Vue: Cambridge, Leeds, Edinburgh, Cheshire Oaks, West End, Romford
Odeon: Covent Garden, West End, Panton St, Newcastle
Showcase: Coventry, Peterborough
Empire: Leicester Square
Others: BFI Southbank / IMAX, ICA, Prince Charles, The Aubin, The Barbican, Sheffield Screen Room, The Luxe (Wisbech)
[Picturehouse: Cambridge, Bury St. Edmunds, Hackney, Stratford, Liverpool]
I’d like to think I have a fair basis for judging the on site quality of other cinemas, and there is nothing in terms of the experience of visiting any of these cinemas that leads me to believe any benefits of one of them taking over one or both of my local Cineworlds would outweigh the cost. What all of these cinemas have in common for me is that I’ve only seen one film in them per visit, and rarely – if ever – visited more than one of them in a given month. That’s the reality of what could be facing residents of Cambridge and Bury St. Edmunds if we lose one or both. (Aberdeen has two Cineworlds, so the path of what to do there seems a little clearer, as being required to sell one cinema would leave them with at least one Cineworld.)
So what does this mean for the quality argument? Surely there aren’t enough good films around to justify seeing more than two a month anyway? As evidence to the contrary for that point, I now present a sample list from the last five years of high profile films, most of which I would rate highly, that I wouldn’t have seen in a cinema without the Cineworlds of Cambridge or Bury St. Edmunds had I been forced to restrict myself to just the two films that month I most wanted to see.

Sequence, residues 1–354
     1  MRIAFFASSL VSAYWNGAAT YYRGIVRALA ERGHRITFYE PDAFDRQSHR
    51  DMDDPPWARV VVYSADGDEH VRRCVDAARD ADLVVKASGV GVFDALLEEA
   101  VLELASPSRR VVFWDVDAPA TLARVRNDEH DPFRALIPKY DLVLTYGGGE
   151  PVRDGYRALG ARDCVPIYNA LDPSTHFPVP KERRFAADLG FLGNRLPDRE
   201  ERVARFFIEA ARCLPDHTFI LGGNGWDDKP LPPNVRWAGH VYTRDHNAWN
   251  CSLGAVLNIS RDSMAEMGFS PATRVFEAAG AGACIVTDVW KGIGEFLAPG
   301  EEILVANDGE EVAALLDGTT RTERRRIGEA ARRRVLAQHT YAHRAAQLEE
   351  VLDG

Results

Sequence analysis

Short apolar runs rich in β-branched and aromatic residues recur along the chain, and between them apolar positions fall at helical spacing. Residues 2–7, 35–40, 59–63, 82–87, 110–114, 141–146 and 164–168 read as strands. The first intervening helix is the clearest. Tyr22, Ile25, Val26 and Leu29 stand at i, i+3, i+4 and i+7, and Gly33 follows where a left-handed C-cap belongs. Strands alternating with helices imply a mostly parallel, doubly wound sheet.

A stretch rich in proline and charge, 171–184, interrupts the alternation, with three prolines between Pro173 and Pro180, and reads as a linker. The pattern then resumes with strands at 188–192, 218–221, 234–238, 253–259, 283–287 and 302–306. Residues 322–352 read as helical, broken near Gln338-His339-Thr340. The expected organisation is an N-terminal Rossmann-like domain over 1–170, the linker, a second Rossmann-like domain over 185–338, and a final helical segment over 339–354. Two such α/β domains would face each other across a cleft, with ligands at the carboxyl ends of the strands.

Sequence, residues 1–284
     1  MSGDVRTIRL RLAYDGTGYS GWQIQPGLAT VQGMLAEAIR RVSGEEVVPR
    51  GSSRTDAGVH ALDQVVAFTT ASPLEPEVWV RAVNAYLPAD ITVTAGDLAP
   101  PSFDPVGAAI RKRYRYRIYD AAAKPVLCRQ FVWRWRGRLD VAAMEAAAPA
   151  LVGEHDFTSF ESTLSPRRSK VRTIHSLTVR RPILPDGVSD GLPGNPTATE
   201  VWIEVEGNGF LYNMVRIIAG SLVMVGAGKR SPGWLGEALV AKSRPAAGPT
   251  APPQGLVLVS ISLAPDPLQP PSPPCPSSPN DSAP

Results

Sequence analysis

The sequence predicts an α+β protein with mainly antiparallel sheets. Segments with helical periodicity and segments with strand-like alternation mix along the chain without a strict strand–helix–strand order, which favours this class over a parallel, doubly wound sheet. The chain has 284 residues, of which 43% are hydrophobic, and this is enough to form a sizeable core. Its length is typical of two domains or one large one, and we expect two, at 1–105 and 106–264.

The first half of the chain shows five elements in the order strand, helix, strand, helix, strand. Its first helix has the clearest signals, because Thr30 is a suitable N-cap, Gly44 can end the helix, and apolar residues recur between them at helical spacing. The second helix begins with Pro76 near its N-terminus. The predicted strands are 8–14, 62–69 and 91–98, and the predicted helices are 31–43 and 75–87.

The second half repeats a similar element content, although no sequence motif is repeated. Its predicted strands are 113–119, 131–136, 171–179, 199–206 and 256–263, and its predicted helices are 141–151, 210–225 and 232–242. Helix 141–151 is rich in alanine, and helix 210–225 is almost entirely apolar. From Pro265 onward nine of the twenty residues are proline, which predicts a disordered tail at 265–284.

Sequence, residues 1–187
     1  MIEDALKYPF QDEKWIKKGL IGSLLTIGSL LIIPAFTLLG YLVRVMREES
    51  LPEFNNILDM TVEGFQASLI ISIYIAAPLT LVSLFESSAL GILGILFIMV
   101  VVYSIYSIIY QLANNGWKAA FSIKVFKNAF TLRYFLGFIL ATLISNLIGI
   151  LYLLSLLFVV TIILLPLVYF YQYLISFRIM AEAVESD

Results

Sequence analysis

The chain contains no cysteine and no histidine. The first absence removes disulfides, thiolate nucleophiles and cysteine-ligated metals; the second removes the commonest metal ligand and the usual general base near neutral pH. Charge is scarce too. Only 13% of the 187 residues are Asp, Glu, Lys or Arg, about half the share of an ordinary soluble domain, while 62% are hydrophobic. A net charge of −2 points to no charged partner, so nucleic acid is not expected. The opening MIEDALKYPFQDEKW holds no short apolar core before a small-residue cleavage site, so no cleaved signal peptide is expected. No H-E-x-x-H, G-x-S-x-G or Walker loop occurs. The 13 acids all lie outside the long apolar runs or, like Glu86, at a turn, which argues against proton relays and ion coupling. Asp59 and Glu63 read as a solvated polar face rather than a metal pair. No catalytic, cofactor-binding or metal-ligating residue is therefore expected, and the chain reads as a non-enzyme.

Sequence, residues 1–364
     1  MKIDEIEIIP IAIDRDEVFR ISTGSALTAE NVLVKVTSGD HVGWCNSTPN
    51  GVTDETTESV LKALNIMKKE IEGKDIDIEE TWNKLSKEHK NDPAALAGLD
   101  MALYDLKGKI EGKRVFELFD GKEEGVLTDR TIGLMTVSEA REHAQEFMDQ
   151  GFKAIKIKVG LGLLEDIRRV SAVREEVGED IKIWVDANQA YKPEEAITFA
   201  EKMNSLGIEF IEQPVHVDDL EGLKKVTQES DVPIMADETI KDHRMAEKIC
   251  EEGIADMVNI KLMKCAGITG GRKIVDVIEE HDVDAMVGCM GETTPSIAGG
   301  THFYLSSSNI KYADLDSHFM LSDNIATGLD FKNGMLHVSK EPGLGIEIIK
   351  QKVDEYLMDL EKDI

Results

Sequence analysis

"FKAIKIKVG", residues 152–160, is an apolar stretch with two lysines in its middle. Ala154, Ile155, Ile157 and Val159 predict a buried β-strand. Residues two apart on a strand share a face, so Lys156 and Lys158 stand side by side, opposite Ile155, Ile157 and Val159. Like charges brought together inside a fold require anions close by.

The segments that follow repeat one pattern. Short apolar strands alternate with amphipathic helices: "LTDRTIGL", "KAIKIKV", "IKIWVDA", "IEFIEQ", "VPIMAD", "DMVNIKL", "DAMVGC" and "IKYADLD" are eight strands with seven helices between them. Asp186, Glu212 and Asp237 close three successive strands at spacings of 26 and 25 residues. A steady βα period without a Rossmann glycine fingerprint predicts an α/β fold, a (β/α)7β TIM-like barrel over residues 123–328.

Before The Devil Knows You’re Dead, Charlie Bartlett, Adulthood, Choke, Doubt, Paranormal Activity, Where The Wild Things Are, I Love You Phillip Morris, How To Train Your Dragon, Heartbreaker, Cyrus, Back To The Future re-release, Rango, The Inbetweeners Movie, The Awakening, The Hunger Games, Magic Mike, Pitch Perfect, The Impossible, Cloud Atlas, Olympus Has Fallen, 2 Guns, About Time
But that’s not all that the Cineworlds offer. Outside of four cinemas in the West End, you can use your membership card at any cinema. So that three year list of cinemas from earlier? Here’s my comparable Cineworld list to the other chains from earlier.
Cineworld: Cambridge, Bury St. Edmunds, Huntingdon, Haverhill, Enfield, West India Quay, The O2 Greenwich, Runcorn, St. Helens, Stevenage, Wood Green
And if you add those nine other Cineworlds not affected, then the list of films I wouldn’t have seen without my Cineworld card expands once more:
Black Dynamite, Barney’s Version, Snowtown, Moneyball, Coriolanus, Young Adult, The Grey, The Descendants, A Dangerous Method, The Hunter, Anna Karenina, The Perks Of Being A Wallflower, Zero Dark Thirty, Spring Breakers, Byzantium, Behind The Candelabra, The East
And that’s just the good stuff. I get to sit through all kinds of nonsense, from Transformers: Dark Of The Moon to Gnomeo And Juliet, safe in the knowledge that I’m paying a flat monthly fee and I’m effectively seeing these films for free, typically at a rate of around 10 films a month. Does this sound like the kind of cinema operation to you about to engage in a large scale attempt to discourage customers away from its cinemas?
If you don’t want to lose Cineworlds in Cambridge or Bury St. Edmunds either, you only have until 17:00 on Tuesday 10th September (tomorrow at the time of writing) to make your feelings known. Contact them at CineworldCityScreen@cc.gsi.gov.uk to make sure they understand there’s no easy solutions to this issue, only a whole host more problems if they carry on their current course, and it’s consumers – not Cineworld themselves – who are the most likely to lose out in all this.
One thought on “Competition Commission: Why We Can’t Afford To Lose Cineworld Either”
January 29, 2015 at 8:07 pm
[…] with retaining both not an option, then it’s almost impossible to campaign for both. I did try to draw attention to the potential risks of losing the Cineworld in terms of cost, but the momentum to fight for the […]